Finding a job in Norway


I occasionally have people send me messages asking how they can move to Norway or how to find jobs when moving to Norway. Most of them are optimists and wish to land a job upon, or before moving. I once did this too when I was preparing for the move. I would find blogs about Norway, contact the writer and ask questions. Though maybe I wasn’t as optimistic as some who have contacted me, I did have my concerns about the job market. More specifically, my chances of finding a job being a recently transplanted American having weak Norwegian speaking skills.

The answers I received were worse than I feared. It’s difficult to find a job here, it takes time, learn the language very well. At the time of moving here I was a recent college graduate with every sense of hope that I would find a job hopefully in a related field to what I studied and pay down on my student loans. Fortunately for me my student loans aren’t as much as they could be. I received scholarships and grants mostly due to being a low-income student and a first-generation college student. Luckily, now I’m able to make double the payment of my monthly student loans and after “tax time” or “vacation payout” time I make an extra payment.

The first slap of reality hit me as I was in Norwegian classes, which is required for all immigrants. I get very frustrated with the language and I’m self-conscious of my Norwegian. I can hear the correct pronunciation of the words in my head, but when I speak the words they sometimes come out heavily accented or mispronounced.

At the time I was on my job hunt, I felt desperate. I never wanted my husband to take on the sole economic responsibility. I, at least, like to think I live by feminist principles and I value equality in my marriage. This point in my life was already a difficult one, so my memories of it are influenced by my perception. To me, it probably felt worse than it really was, but I was too foggy and clouded to filter this situation out properly.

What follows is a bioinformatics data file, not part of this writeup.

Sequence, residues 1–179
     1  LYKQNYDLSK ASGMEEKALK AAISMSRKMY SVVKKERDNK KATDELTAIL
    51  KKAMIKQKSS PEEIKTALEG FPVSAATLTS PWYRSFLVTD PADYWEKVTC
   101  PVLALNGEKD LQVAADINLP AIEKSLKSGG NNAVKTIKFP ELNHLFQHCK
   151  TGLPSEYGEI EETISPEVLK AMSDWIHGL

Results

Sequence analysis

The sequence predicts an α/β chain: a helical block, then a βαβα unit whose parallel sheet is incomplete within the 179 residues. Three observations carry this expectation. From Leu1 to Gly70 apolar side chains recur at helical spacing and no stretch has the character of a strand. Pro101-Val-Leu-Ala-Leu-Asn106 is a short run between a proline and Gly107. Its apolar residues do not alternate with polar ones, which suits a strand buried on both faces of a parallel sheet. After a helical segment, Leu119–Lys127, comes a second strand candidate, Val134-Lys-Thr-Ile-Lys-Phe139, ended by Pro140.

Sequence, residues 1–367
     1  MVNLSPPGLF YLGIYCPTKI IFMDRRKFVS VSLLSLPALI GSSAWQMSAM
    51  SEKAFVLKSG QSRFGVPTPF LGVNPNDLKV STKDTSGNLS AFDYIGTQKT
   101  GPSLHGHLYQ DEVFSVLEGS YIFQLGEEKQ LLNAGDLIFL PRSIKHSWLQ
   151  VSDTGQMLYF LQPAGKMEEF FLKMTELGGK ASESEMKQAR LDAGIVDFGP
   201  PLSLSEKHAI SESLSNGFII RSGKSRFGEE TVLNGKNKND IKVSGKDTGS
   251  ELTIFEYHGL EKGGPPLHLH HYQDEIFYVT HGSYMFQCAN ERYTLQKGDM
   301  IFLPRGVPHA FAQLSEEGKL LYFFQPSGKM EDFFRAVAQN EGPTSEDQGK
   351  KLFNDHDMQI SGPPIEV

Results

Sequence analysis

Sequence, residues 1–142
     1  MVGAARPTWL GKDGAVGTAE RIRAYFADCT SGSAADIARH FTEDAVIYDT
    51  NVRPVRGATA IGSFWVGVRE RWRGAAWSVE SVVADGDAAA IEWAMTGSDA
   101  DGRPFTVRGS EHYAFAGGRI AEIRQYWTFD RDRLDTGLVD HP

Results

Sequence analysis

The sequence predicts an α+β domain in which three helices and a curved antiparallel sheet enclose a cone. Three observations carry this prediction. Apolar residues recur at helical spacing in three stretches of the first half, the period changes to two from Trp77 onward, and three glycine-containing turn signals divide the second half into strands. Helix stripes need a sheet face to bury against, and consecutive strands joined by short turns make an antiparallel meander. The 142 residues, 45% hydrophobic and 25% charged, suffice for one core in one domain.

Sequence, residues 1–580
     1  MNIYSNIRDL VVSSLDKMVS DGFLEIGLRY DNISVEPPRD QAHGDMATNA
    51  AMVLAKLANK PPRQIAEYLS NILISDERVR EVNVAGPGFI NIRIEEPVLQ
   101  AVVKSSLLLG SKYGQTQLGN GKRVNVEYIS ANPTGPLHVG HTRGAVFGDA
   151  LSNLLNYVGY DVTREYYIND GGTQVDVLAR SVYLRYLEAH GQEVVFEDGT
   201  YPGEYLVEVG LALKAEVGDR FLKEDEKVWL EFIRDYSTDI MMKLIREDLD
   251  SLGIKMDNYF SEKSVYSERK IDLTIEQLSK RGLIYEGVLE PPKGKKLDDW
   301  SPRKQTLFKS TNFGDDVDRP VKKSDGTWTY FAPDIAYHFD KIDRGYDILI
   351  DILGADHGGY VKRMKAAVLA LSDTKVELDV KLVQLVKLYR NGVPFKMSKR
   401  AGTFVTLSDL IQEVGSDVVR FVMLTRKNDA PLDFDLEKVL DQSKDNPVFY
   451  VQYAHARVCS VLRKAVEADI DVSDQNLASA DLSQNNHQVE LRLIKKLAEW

I decided at one point the thing that was most important to me was having a job to help support my family. It’s a fair enough reason after all. I’m not at all above chopping wood, cleaning homes, mowing lawns, picking up trash. Someone has to do it. I reasoned with myself if needed I would start there and work my way up.

At one of my lowest points in the job search I had an interview scheduled. I also had my eldest daughter enrolled in pre-school part-time. She just happened to be home the day of my scheduled interview. My husband was away out of town with work, so my brother-in-law offered to watch her. Just moments before my brother-in-law arrived, my daughter began to throw up. I started cleaning, but was running out of time. Then she threw up on me. Luckily, it was only my pants – the ones I was wearing to the interview – and not my shirt. I got her settled on the couch, pushing time for the interview to begin. I grabbed a pack of baby wipes and wished my brother-in-law good luck. Not having time to change as I left, I wiped my vomit stained pants in the car certain I smelled repulsive.

I arrived on time to the interview, but was told to sit and wait. I had a folder with me that I carried with me to interviews with proof that I completed my levels of Norwegian proficiency. After mentally going over Norwegian interview questions I prepared for myself I was finally called in. My interview didn’t go well. One question in particular was, “Why have you waited so long since living in Norway to find a job?” I wasn’t expecting that question. In terms of being an immigrant I don’t think the time period between me arriving in Norway and seeking a job was that long, but it was a fair enough question although I did take offense to it and I did have a 3 year employment gap after all. I had to explain to her I spent 2 years in Norwegian classes and I did have a baby during that time so I was home with her for 2 years. I didn’t get that job, which was probably a blessing. I later found my current employment and I’m very satisfied with it 3 years later.

Not everyone’s story is like this. Some are lucky, some are fantastic at networking, some can master the language which is a huge advantage to job searching. There are those, like myself, who didn’t have luck on their side or strong extroverted abilities. I poured my heart into resumes and cover letters and then finally I found a job, though to me, it doesn’t feel like a ‘job’ probably because I enjoy what I do. The key is not giving up and keep applying until you find something.

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